As for the topic, I've always been amazed at how big my footprint is when I do those footprint calculators. (Here's one) I consider myself to be pretty mindful of energy use. I drive a Prius, had low-flow shower heads and faucets, keep the house at 62, and do all the standard things one would do when keeping an eye on personal energy consumption. Yet, I still am taking up far more than my share.

    So I can feel guilty about that, and consider living in a solar-powered tiny house and riding only bicycles, but I'm not going to do that. And OTOH, I appreciate what Derrick Jensen says in his essay "Forget shorter showers":

    "Besides being ineffective at causing the sorts of changes necessary to stop this culture from killing the planet, there are at least four other problems with perceiving simple living as a political act (as opposed to living simply because that’s what you want to do). The first is that it’s predicated on the flawed notion that humans inevitably harm their landbase. Simple living as a political act consists solely of harm reduction, ignoring the fact that humans can help the Earth as well as harm it. We can rehabilitate streams, we can get rid of noxious invasives, we can remove dams, we can disrupt a political system tilted toward the rich as well as an extractive economic system, we can destroy the industrial economy that is destroying the real, physical world.

    "The second problem — and this is another big one — is that it incorrectly assigns blame to the individual (and most especially to individuals who are particularly powerless) instead of to those who actually wield power in this system and to the system itself. Kirkpatrick Sale again: “The whole individualist what-you-can-do-to-save-the-earth guilt trip is a myth. We, as individuals, are not creating the crises, and we can’t solve them.”

    The third problem is that it accepts capitalism’s redefinition of us from citizens to consumers. By accepting this redefinition, we reduce our potential forms of resistance to consuming and not consuming. Citizens have a much wider range of available resistance tactics, including voting, not voting, running for office, pamphleting, boycotting, organizing, lobbying, protesting, and, when a government becomes destructive of life, liberty, and the pursuit of happiness, we have the right to alter or abolish it."

    So, I'm not necessary doing anything differently now than I was prior to Election Day, but I am becoming more active in terms signing petitions, protesting, writing my legislators, etc. I truly believe that if all of New Jersey's citizens turned down their thermostats it would pale in comparison to the damage that's going to be done with the repeal of the Clean Water and Clean Air acts.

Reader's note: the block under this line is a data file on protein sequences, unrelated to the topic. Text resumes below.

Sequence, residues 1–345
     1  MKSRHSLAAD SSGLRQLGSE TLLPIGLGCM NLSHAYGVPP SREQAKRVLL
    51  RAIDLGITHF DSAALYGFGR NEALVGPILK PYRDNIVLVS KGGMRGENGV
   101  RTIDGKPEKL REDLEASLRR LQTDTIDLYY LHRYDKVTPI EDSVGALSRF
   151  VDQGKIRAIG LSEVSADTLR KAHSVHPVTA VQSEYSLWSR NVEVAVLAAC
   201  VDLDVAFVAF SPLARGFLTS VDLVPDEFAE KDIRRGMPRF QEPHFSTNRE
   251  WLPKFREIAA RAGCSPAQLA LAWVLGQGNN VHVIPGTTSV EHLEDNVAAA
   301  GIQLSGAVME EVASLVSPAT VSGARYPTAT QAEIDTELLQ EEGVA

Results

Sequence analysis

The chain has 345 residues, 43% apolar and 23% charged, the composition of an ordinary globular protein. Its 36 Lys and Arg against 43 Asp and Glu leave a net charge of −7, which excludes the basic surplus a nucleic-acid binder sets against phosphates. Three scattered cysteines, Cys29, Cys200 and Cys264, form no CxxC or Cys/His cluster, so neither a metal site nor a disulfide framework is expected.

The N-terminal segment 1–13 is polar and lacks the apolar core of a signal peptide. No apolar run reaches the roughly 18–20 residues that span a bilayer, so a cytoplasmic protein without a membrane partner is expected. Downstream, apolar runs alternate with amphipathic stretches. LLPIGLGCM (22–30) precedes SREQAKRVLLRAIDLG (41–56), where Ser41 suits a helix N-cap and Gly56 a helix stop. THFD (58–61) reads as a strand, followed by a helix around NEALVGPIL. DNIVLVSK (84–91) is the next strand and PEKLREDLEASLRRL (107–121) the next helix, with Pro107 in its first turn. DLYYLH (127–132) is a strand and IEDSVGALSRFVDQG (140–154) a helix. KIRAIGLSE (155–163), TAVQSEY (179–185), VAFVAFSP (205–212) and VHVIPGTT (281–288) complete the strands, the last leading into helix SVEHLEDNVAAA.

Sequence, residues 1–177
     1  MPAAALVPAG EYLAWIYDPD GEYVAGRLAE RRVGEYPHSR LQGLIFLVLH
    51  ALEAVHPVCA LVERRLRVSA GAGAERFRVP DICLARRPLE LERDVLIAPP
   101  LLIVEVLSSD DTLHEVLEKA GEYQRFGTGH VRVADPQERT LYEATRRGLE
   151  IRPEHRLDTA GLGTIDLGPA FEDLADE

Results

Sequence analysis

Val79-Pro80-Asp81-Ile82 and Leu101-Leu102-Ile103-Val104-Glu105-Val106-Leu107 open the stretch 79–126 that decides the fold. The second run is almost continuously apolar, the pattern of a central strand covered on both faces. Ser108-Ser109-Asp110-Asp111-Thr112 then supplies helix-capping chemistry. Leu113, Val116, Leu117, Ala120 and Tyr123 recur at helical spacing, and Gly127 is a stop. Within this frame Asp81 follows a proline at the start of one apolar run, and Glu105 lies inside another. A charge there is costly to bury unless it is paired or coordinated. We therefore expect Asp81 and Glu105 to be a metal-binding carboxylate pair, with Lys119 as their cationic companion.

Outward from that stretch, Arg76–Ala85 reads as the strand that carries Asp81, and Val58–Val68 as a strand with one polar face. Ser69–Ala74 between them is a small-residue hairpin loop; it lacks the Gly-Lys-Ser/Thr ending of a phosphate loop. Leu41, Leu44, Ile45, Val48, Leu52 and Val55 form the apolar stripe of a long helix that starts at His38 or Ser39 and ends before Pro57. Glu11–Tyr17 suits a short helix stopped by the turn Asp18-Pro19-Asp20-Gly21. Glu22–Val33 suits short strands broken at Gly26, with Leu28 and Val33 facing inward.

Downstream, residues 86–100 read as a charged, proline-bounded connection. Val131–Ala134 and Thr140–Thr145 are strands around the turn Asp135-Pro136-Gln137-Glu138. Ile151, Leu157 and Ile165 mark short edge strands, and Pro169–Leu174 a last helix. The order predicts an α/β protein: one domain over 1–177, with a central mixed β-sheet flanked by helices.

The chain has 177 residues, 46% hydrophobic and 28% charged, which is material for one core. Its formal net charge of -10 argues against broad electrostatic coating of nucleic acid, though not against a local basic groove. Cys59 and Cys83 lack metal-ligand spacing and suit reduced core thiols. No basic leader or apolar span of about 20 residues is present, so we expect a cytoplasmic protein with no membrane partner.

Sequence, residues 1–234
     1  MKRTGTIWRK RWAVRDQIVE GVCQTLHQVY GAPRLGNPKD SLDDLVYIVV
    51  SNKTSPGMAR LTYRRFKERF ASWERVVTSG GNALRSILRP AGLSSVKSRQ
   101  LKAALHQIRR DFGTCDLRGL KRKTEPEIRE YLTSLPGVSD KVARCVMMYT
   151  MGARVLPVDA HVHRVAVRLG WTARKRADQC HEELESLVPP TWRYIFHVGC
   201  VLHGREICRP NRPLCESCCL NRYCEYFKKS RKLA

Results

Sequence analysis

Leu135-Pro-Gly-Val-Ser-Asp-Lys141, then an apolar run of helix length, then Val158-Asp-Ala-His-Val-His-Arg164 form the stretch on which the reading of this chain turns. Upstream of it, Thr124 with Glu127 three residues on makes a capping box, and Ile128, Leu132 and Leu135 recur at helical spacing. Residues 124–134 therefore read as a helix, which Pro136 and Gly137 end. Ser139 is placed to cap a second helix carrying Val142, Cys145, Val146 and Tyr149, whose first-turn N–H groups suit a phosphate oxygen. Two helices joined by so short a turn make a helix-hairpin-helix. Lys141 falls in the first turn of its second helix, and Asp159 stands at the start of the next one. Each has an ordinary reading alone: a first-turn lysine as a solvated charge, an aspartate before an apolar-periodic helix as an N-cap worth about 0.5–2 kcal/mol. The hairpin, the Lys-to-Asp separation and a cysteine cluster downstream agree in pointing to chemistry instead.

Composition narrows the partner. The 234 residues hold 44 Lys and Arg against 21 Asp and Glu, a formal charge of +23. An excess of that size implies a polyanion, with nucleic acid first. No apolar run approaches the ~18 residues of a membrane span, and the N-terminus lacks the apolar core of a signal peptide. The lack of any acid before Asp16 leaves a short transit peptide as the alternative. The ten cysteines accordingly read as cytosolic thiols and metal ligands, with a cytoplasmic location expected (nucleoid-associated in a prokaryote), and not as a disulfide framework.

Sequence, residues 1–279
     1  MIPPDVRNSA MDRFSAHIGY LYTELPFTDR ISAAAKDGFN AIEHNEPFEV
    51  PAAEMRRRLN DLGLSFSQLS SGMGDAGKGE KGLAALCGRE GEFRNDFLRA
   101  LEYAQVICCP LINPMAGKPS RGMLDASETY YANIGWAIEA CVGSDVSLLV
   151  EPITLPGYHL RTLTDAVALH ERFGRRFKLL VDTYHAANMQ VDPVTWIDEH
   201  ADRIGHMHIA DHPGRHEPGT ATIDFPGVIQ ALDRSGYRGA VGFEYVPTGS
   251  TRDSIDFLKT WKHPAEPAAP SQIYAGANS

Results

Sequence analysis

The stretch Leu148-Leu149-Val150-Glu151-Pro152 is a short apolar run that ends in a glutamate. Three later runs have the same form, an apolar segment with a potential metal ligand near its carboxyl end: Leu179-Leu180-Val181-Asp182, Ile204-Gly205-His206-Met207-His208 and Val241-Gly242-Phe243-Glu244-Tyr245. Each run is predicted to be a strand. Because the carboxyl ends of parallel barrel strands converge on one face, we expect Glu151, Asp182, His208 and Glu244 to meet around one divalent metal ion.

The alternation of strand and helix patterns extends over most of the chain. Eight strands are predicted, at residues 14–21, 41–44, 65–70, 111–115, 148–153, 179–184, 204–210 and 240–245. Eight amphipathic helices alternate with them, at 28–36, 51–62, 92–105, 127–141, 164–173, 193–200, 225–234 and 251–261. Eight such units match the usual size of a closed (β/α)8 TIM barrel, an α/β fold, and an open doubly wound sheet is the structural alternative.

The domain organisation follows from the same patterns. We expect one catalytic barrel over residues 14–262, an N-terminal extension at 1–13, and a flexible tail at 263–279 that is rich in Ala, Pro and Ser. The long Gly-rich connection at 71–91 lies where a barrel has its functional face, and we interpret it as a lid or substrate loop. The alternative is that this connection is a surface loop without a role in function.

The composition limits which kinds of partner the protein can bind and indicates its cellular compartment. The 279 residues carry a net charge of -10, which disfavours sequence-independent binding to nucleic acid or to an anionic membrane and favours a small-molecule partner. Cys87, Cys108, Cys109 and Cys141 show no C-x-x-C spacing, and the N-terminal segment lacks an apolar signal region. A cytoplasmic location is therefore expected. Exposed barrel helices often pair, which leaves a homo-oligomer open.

No mea culpa's for me unless I fail to do what I can to protect the environment from the real villains.
    "Do any human beings ever realize life while they live it--every, every minute?" Emily Webb, Our Town
    www.silententry.wordpress.com

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    Senior Member Rogar's Avatar
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    I go back and forth about Jensen, but any more it's mostly back. My thinking usually starts with his premise that civilization and sustainability cannot co-exist.

    I agree that, say, replacing an incandescent bulb with an LED is not going to change the planet. But what impact has the total transition made? I can recall when recycling was mostly unheard of. I'm more in the McKibben camp.

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    So, here is the thing for me, because (I am ok, don't worry) his writing about the drop in a bucket effect of personal choices and the logical end path being suicide resonates with me.

    there are days when I feel like the best thing I could do would be to stay in bed and not eat. (I get up anyway. I have goats. But there was a bad stretch where I didn't eat for three days....)

    but he claims we can do all these other things - really? How? Because I vote, I teach, I donate, I write and call my elected representatives (and as I am a political minority where I live, they don't give a damn).

    collective action stopped the Dakota pipeline - for about two months. It's a whole lot easier to break things than it is to fix them (so do we break things? Is industrial sabotage the only effective option? Who cleans up the resulting mess?)

    The personal choices I make are the only areas where I see any actual effect.

    and yes, they are not enough.